The Royal Secret
London, 1670. Two young girls, Maria and Hannah, plot a murder by witchcraft. Once, “allies of a sort, united in their hatred of Abbott and his tyrannies.” Later, as Abbott is only a memory, one blackmails another.
Cat Hakesby carries on her late husband’s business as an architect and surveyor. She is commissioned to build a new poultry house for the king’s sister, which requires her to travel to France where the king’s sister resides.
James Marwood is working at Scotland Yard when Richard Abbott, one of Lord Arlington’s clerks, dies. Marwood is set on an investigation of the circumstances surrounding Abbott’s death, and relates his findings to Lord Arlington, Undersecretary of State.
Meanwhile, Marwood and Cat meet once or twice a month to listen to music or go to a play, or go for a walk in finer weather. It’s an alliance of mutual assistance rather than affection as she prefers to keep her independence. After the end of last outing, they don’t make plans for the next time, as they usually would. That unsettles Marwood a bit. “She could forgive his unfortunate liking for low comedy, but not the way he had ogled the orange girl in front of her very eyes. (…) His boorish behaviour towards Mr Fanshawe and his guest had been almost equally bad.” Later, he extends his olive branch by writing her a letter with a plan to see a new play. She curtly expresses her refusal without any explanation. And now, it gnaws at him when he sees Cat with someone he is after.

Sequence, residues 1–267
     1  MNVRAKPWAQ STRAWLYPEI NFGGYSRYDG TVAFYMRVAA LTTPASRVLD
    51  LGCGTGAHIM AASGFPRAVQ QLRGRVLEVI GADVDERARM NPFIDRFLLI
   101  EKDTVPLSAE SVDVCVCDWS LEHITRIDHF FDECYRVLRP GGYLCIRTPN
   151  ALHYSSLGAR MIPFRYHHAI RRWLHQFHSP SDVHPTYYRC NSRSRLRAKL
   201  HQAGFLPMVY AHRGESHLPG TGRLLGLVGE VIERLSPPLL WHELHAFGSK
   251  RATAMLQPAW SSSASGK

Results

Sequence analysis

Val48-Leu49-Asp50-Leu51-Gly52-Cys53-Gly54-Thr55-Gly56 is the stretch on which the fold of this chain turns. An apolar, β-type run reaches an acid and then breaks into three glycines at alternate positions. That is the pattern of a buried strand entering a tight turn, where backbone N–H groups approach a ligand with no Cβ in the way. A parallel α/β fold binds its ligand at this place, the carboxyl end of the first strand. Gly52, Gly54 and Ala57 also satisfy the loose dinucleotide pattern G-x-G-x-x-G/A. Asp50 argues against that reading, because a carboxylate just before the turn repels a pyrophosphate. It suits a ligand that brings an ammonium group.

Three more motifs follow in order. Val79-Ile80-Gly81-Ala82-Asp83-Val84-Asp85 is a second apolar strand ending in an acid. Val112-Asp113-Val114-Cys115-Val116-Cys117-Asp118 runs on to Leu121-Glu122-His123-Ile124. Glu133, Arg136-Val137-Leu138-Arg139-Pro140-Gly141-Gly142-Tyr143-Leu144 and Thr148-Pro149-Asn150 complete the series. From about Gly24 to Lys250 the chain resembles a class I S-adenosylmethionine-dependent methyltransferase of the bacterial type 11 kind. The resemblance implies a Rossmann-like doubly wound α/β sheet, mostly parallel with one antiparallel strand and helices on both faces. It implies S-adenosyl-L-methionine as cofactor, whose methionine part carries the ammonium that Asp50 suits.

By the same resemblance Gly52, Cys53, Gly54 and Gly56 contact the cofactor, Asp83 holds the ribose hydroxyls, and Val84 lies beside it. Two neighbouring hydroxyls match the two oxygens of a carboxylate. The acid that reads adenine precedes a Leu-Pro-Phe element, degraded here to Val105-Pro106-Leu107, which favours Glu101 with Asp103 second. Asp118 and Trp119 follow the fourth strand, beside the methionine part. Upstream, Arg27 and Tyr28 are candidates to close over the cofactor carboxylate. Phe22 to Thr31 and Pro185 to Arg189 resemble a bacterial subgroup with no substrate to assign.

There is one particular person at the heart of this mystery, but there is a lot of deception and some misjudgment, as well as complications. Besides one being dead, another vanishes, and yet another has a powerful friend. It presents some challenges for Marwood.
The characters come from different directions, and as the story develops they interestingly start coming together, as they happen to be related in some way. The plot is intriguing, culminating with a lot of intrigue and a royal secret unbeknownst to all. Written with marvelous prose sprinkled with humor, the characters of come alive with their settings, vividly presented, and giving a good sense of time and place. The Royal Secret is a beautifully crafted story and atmospheric in its depiction.
This fifth installment in the series reads as a stand-alone. With skillful writing, you can easily follow the characters, which drive this story to the culminating end.